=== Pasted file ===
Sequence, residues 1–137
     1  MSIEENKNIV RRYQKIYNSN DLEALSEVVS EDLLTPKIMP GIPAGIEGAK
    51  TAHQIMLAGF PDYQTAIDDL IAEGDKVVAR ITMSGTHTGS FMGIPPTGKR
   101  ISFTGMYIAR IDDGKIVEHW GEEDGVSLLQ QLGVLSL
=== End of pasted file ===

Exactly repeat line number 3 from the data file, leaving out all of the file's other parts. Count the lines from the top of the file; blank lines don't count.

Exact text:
    51  TAHQIMLAGF PDYQTAIDDL IAEGDKVVAR ITMSGTHTGS FMGIPPTGKR